The service recovery paradox (SRP) is the phenomenon that happens when customer satisfaction level post-service failure and recovery surpasses the customer satisfaction level achieved at error-free service. The aim of this study was to identify how large the size of compensation has to be at recovery for customer satisfaction to surpass that of error-free service (i.e. to identify a threshold value for SRP). The purpose of this is to inform managers how to restore customer satisfaction yet avoid overcompensation.Design/methodology/approachThe paper covers two studies. Study 1 used the novel approach of asking participants who had experienced a service failure in the hotel industry what amount of money (recovery) would make them more satisfied than in the case of error-free service. Study 2 then tested the compensation levels expressed by Study 1 participants to be sufficient for the service recovery paradox to occur.FindingsStudy 1 indicated that the threshold for the SRP was (on average) around 1,204 SEK, or just over 80% of the original room reservation price of 1,500 SEK (approx. $180). Study 2 found that (on average) the customer satisfaction of participants who received 1,204 SEK in compensation for service failure marked the point where it surpassed that of error-free service. Participants who received 633 SEK were less satisfied; participants who received 1,774 SEK were more satisfied.Research limitations/implicationsThe findings are context-specific. Future research should test the findings' generalizability.Practical implicationsThe approach used in this paper could provide managers with a tool to guide their service recovery efforts. The findings could help hotel managers to make strategic decisions to restore customer satisfaction yet avoid overcompensation, given a legitimate service failure in which the organization is at fault.Originality/valueNumerous previous studies have investigated the occurrence or absence of the SRP at predetermined compensation levels. This paper used a novel approach to find a quantitative threshold at which the magnitude of the recovery effort makes customer satisfaction surpass that of error-free service.

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Publisher
Emerald Publishing
Copyright
© Andreas Edström, Beatrice Nylander, Jonas Molin, Zahra Ahmadi and Patrik Sörqvist
ISSN
2055-6225
DOI
10.1108/jstp-06-2021-0120
Publisher site
See Article on Publisher Site

Abstract

The service recovery paradox (SRP) is the phenomenon that happens when customer satisfaction level post-service failure and recovery surpasses the customer satisfaction level achieved at error-free service. The aim of this study was to identify how large the size of compensation has to be at recovery for customer satisfaction to surpass that of error-free service (i.e. to identify a threshold value for SRP). The purpose of this is to inform managers how to restore customer satisfaction yet avoid overcompensation.Design/methodology/approachThe paper covers two studies. Study 1 used the novel approach of asking participants who had experienced a service failure in the hotel industry what amount of money (recovery) would make them more satisfied than in the case of error-free service. Study 2 then tested the compensation levels expressed by Study 1 participants to be sufficient for the service recovery paradox to occur.FindingsStudy 1 indicated that the threshold for the SRP was (on average) around 1,204 SEK, or just over 80% of the original room reservation price of 1,500 SEK (approx. $180). Study 2 found that (on average) the customer satisfaction of participants who received 1,204 SEK in compensation for service failure marked the point where it surpassed that of error-free service. Participants who received 633 SEK were less satisfied; participants who received 1,774 SEK were more satisfied.Research limitations/implicationsThe findings are context-specific. Future research should test the findings' generalizability.Practical implicationsThe approach used in this paper could provide managers with a tool to guide their service recovery efforts. The findings could help hotel managers to make strategic decisions to restore customer satisfaction yet avoid overcompensation, given a legitimate service failure in which the organization is at fault.Originality/valueNumerous previous studies have investigated the occurrence or absence of the SRP at predetermined compensation levels. This paper used a novel approach to find a quantitative threshold at which the magnitude of the recovery effort makes customer satisfaction surpass that of error-free service.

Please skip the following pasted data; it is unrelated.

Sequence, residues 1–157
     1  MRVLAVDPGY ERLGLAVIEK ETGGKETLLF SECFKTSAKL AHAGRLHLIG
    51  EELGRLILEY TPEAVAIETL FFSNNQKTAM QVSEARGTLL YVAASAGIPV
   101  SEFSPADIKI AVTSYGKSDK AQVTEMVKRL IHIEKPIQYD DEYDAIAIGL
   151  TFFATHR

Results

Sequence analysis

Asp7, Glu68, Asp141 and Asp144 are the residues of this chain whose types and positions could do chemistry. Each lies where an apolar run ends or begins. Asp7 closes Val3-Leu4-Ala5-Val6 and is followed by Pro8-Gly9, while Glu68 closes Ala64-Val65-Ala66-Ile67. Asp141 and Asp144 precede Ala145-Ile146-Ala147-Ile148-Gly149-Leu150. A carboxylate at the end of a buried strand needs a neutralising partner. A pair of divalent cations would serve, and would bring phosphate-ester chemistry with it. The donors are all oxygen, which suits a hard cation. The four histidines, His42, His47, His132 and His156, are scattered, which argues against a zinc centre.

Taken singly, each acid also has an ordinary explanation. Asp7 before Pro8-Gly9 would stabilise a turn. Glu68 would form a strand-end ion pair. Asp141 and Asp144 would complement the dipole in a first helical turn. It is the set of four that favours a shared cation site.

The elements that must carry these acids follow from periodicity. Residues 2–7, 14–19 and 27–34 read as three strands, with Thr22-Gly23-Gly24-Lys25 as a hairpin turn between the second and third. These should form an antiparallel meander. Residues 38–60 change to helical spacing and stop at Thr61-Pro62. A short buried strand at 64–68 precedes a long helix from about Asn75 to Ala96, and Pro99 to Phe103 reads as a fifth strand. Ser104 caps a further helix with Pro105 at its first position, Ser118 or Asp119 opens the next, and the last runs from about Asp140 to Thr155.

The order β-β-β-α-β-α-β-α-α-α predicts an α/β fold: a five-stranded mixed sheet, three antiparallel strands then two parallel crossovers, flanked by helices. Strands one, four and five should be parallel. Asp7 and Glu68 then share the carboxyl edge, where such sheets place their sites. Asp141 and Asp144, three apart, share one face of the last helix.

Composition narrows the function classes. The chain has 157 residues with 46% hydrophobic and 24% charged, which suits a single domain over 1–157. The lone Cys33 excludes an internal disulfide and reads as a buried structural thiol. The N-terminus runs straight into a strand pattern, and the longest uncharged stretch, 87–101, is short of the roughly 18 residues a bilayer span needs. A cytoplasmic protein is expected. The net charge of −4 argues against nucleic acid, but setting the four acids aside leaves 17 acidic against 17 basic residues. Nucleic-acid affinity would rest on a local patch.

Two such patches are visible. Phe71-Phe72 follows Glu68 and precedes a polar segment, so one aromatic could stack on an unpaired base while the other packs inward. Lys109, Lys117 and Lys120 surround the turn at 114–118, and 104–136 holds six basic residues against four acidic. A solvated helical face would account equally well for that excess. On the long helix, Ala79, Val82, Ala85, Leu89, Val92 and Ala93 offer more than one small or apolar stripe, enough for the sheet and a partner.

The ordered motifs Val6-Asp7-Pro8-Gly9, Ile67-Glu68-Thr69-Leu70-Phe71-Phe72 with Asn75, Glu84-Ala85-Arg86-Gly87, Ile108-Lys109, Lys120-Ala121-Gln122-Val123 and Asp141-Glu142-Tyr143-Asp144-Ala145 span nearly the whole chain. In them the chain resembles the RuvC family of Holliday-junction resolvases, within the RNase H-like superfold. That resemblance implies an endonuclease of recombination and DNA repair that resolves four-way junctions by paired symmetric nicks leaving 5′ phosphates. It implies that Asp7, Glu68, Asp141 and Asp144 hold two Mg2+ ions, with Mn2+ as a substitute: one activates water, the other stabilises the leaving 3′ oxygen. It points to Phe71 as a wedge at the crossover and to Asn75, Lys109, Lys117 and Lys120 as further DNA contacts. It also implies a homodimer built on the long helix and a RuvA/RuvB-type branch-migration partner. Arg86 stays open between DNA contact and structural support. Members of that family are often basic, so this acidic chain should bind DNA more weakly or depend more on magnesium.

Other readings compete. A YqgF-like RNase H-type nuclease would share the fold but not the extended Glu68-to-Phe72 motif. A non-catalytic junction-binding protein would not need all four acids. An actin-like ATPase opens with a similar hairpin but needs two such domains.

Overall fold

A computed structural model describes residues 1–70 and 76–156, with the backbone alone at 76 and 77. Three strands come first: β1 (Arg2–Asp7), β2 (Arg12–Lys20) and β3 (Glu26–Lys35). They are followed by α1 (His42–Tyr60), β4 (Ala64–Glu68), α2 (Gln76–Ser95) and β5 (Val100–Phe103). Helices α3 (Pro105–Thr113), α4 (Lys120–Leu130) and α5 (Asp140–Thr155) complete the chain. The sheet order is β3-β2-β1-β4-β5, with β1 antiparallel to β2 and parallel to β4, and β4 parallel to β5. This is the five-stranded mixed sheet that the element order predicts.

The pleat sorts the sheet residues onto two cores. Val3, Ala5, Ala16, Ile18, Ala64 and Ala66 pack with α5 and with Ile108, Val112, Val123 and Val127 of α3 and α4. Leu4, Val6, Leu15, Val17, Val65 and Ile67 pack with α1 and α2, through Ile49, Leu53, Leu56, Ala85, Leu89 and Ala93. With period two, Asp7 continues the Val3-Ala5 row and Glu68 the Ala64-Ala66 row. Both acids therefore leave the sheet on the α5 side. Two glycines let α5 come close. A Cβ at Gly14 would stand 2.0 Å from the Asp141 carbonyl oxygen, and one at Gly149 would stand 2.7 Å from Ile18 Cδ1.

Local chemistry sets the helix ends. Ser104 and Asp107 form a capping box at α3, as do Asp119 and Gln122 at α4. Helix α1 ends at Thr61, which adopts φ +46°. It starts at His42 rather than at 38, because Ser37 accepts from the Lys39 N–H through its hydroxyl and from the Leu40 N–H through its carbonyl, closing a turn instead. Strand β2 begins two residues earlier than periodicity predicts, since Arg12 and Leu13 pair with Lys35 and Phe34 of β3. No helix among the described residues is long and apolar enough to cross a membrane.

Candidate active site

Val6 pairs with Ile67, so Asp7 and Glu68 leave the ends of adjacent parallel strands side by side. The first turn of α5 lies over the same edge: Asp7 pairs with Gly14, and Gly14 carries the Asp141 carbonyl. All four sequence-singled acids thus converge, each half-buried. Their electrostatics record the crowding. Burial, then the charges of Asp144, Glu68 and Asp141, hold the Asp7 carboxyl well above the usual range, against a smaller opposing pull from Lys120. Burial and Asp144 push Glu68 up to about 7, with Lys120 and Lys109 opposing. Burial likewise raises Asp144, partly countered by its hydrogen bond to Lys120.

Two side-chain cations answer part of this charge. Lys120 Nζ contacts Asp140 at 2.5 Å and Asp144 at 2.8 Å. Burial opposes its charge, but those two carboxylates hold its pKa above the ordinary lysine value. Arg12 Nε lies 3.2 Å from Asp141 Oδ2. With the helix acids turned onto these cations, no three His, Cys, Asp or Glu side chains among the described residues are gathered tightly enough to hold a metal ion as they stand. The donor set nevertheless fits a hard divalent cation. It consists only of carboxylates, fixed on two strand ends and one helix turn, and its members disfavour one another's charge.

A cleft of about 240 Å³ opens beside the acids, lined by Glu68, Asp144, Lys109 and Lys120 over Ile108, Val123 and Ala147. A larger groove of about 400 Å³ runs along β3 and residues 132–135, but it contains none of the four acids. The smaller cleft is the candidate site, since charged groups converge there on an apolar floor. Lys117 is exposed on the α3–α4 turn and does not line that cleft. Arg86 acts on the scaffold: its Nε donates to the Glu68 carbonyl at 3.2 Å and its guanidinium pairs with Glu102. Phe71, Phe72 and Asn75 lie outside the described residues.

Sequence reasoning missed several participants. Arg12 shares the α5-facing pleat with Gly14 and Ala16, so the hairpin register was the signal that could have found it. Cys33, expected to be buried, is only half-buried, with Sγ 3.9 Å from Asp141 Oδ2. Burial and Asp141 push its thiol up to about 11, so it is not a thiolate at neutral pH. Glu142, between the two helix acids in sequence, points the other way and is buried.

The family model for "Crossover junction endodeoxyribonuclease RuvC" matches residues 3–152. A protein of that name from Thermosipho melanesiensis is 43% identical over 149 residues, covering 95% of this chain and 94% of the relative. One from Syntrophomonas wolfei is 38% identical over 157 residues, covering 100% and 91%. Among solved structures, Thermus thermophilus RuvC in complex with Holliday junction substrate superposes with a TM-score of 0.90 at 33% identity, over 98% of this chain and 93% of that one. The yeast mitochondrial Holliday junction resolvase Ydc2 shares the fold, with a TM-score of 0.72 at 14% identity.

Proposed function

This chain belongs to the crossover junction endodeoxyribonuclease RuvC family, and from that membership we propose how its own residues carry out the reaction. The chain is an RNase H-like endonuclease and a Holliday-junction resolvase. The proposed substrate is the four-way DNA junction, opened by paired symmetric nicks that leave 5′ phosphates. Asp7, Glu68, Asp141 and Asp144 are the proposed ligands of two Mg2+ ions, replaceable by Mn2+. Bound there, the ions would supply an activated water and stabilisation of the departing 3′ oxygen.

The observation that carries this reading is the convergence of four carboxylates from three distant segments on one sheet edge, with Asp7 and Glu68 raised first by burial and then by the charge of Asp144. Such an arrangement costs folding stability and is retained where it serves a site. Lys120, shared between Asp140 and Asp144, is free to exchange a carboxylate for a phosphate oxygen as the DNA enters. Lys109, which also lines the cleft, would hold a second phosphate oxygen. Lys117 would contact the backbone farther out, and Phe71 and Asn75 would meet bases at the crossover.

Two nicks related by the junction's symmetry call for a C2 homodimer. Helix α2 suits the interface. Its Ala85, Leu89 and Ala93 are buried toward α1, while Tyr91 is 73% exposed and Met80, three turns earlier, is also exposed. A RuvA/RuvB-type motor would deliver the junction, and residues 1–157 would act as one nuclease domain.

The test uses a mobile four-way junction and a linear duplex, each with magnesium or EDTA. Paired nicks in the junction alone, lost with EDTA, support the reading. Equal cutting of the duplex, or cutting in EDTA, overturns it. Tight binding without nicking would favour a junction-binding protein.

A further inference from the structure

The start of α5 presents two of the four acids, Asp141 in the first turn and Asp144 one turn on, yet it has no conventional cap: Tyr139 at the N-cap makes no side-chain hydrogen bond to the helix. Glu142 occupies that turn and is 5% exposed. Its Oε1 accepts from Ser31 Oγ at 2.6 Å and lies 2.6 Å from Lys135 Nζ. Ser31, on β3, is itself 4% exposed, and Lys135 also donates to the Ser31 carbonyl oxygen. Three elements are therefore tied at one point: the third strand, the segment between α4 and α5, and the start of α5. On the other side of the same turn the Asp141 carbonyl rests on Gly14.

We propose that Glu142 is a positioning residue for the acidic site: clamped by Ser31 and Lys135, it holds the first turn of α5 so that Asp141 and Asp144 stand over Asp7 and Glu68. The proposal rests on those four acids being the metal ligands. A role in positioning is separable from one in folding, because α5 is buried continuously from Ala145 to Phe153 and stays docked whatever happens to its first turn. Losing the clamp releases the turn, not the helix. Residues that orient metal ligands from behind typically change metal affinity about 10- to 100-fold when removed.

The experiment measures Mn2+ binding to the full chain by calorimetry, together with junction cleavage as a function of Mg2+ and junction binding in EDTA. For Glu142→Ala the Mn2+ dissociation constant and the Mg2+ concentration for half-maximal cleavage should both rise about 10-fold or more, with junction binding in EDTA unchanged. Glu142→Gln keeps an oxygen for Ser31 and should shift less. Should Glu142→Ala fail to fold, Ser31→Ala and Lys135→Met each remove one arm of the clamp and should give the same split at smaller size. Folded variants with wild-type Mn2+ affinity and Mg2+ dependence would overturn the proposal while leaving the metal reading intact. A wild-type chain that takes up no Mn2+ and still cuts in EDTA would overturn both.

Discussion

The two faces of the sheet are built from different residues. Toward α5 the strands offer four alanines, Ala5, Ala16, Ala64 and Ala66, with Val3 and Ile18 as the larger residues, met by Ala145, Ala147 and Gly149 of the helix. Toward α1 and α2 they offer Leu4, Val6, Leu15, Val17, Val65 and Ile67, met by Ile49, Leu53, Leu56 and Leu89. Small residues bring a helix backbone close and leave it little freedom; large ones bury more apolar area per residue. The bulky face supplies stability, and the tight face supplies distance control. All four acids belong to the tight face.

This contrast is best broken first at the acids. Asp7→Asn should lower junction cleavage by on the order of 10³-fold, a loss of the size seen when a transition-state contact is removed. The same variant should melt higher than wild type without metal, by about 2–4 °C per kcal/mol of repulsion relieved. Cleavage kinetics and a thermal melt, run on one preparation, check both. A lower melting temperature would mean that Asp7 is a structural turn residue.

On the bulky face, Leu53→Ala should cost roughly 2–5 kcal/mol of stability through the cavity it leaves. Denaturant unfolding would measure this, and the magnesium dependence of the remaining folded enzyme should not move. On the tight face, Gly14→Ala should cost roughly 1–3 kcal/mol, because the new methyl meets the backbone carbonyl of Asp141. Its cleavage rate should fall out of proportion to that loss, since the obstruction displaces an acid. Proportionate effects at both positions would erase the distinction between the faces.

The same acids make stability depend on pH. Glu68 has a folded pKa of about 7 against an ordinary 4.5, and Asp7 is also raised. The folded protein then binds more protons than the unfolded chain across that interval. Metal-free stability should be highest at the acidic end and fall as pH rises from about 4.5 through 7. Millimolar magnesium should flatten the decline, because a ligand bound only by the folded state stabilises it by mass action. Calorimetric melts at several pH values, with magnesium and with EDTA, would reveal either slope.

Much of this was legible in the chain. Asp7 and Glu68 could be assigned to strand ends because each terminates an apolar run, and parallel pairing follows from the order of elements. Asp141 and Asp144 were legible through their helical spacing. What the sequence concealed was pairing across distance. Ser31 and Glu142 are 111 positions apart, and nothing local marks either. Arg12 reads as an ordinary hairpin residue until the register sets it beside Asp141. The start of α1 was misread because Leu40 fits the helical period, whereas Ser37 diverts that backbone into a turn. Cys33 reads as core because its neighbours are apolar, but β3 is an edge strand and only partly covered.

Journal

Journal of Service Theory and PracticeEmerald Publishing

Published: Dec 19, 2022

Keywords: Service recovery paradox; Compensation; Hotel industry; Customer satisfaction

References